As estate agents we talk a lot about ‘kerb appeal’ to our vendors. You may have a couple of steps leading to your front door or you may have a sprawling lawn, whatever type of front garden you have it needs to be in the best condition it can be when you decide to sell your home.
House Beautiful UK have listed their top 7 tips for creating the perfect entrance to your home...
(Read the full article here https://www.housebeautiful.com/uk/lifestyle/property/a1974/how-to-increase-value-of-home-kerb-appeal/)
1. Fit in with the street scene. Every road has a 'look' and if you take your front garden too far away from what's normal for your street, you will create a 'wow' but not in a good way. But you can still raise the tone, if other front gardens in your street are neglected you can go for quietly smart, and if every other garden has been made over like a daytime TV programme, you might have to work a bit harder. If in doubt go for low key, neat and formal.
2. Symmetry and structure will give a great look, so look for well-defined flower beds, straight lines and solid planting. The hardest look to pull off in a front garden is a wildflower meadow with plants flowing everywhere – go for the opposite of this and you'll be on the right track.
3. Structure like this will also work in winter as well as summer – and winter is a key time in the front garden. This will likely be your one glimpse of greenery on your way from house to car, so getting the winter look right is crucial. The shapes of the flower beds will be seen, and the structural bones are visible in winter, so it's essential to make sure those bones look good.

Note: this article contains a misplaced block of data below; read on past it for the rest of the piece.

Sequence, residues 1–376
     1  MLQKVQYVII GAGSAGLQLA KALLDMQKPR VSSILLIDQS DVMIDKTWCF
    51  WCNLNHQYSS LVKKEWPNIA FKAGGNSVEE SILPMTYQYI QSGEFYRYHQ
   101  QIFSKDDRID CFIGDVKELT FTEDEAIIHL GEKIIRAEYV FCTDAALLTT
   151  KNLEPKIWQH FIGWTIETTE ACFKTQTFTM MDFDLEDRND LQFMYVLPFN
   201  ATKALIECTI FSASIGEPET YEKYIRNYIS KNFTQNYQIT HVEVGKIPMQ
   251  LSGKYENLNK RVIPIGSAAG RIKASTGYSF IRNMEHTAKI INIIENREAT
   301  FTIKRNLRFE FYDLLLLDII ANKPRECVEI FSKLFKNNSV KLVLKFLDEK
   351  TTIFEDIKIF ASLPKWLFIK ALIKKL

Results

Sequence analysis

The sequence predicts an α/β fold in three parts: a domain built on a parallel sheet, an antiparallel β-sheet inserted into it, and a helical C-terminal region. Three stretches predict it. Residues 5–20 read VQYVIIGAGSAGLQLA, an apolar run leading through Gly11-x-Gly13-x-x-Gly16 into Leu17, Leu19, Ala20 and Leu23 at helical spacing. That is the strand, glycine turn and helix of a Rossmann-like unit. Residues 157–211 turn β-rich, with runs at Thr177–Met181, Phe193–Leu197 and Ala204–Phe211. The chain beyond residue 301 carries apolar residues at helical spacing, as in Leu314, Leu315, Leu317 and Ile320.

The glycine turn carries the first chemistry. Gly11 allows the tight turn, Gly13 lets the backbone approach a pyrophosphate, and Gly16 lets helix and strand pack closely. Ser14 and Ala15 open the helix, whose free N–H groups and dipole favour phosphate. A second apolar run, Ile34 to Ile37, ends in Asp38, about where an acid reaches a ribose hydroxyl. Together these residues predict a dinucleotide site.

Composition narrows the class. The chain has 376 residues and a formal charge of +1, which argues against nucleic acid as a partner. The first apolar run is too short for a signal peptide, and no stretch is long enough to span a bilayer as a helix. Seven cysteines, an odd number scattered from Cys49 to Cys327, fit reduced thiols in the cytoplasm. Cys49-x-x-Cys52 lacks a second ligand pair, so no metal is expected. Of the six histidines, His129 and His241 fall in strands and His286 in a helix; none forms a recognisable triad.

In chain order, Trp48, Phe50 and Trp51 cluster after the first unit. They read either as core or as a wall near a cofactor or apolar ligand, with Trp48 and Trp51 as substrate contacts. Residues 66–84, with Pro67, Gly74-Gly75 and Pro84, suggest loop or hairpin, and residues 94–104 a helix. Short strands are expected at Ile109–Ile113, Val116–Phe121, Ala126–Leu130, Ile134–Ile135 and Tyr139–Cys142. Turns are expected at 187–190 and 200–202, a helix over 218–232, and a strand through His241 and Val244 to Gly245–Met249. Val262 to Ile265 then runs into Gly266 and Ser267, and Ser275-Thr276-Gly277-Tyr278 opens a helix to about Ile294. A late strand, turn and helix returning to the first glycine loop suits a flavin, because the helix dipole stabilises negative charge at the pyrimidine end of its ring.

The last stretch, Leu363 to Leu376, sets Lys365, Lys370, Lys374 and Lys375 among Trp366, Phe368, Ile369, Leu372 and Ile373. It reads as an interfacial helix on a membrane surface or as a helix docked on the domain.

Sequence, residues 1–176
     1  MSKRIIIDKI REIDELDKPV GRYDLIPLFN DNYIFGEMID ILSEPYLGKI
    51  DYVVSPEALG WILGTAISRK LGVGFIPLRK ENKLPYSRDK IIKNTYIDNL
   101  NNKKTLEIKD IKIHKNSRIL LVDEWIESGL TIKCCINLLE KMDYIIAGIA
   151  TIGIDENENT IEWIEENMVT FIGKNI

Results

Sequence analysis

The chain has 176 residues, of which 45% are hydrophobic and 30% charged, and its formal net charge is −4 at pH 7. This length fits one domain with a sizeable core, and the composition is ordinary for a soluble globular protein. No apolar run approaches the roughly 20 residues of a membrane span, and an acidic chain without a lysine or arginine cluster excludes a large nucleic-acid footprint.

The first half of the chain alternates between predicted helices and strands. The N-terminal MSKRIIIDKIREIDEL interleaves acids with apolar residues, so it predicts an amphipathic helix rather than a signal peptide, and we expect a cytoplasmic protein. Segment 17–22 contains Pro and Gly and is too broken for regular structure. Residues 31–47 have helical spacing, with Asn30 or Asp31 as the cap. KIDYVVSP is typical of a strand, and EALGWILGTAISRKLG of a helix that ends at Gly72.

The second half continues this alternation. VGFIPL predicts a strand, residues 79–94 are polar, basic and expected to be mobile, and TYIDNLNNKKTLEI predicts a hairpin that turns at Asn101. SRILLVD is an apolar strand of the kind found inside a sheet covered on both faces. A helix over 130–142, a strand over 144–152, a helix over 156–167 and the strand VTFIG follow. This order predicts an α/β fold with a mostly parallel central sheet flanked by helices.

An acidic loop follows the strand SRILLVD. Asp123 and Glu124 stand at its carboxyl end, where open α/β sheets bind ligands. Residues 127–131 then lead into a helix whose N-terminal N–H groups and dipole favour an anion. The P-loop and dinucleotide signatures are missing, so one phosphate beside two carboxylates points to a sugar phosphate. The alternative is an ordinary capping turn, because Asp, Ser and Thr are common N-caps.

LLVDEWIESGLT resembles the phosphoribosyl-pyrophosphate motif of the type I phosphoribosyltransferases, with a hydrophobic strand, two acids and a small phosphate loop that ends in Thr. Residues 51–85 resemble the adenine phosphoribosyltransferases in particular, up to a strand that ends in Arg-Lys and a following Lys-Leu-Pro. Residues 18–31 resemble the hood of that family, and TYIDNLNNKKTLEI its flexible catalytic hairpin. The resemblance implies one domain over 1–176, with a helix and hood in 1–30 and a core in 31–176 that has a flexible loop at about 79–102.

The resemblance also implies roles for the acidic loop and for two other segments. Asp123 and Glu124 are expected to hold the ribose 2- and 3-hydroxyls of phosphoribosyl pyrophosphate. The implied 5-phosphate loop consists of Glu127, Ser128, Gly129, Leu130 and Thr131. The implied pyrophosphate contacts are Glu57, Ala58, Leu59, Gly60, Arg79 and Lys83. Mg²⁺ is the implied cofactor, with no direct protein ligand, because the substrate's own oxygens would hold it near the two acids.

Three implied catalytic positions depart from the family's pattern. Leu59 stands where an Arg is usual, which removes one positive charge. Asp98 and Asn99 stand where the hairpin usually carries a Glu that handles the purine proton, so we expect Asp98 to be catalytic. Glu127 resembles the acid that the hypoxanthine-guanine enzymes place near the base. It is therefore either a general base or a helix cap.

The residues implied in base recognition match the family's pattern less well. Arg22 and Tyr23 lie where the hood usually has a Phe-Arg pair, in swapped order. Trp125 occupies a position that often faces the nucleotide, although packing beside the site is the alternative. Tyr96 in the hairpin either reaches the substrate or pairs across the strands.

4. The layout – the bones of the garden – needs to signal where people should go. It's an obvious point but one that's often forgotten. When folks walk to your house the front garden needs to show them the way to the front door; it's purpose, if you like, is to direct. The easiest way to do this is with a clear path and a big signal to mark the front door. Big pots either side of the front door will do the job.
5. When you're putting in the structure, work with the house and the windows. So planting is high between the windows, low in front of them. Accentuate the patterns of house, don't work against them. This will often give you a good pattern to copy around the rest of the front garden. The pace of the lower and higher planting can be used at the sides and alongside the road. Use the same spacing and the whole thing will come together like a symphony.
6. You may not think about selling right now, but it's likely to happen at some point, so if you're putting money and effort into your front garden think about kerb appeal to buyers. What would you like to see if you were thinking about buying this house? It's another really good reason to avoid anything whacky at the front. Kerb appeal is about looking neat, well maintained and cared about. Case in point: Dustbins can be a real eyesore,? so screen them with shrubs or trellising, or, as horticulturist Alys Fowler suggests, 'Make your garden so pretty your eye won't be drawn to the bins at all!'
7. Finally, watch out for planning rules. These are often specific to front gardens and can cover anything from the height of your front fence to the colour of your house. To find out what applies in your area, the planning department of your local council will be a good place to start.
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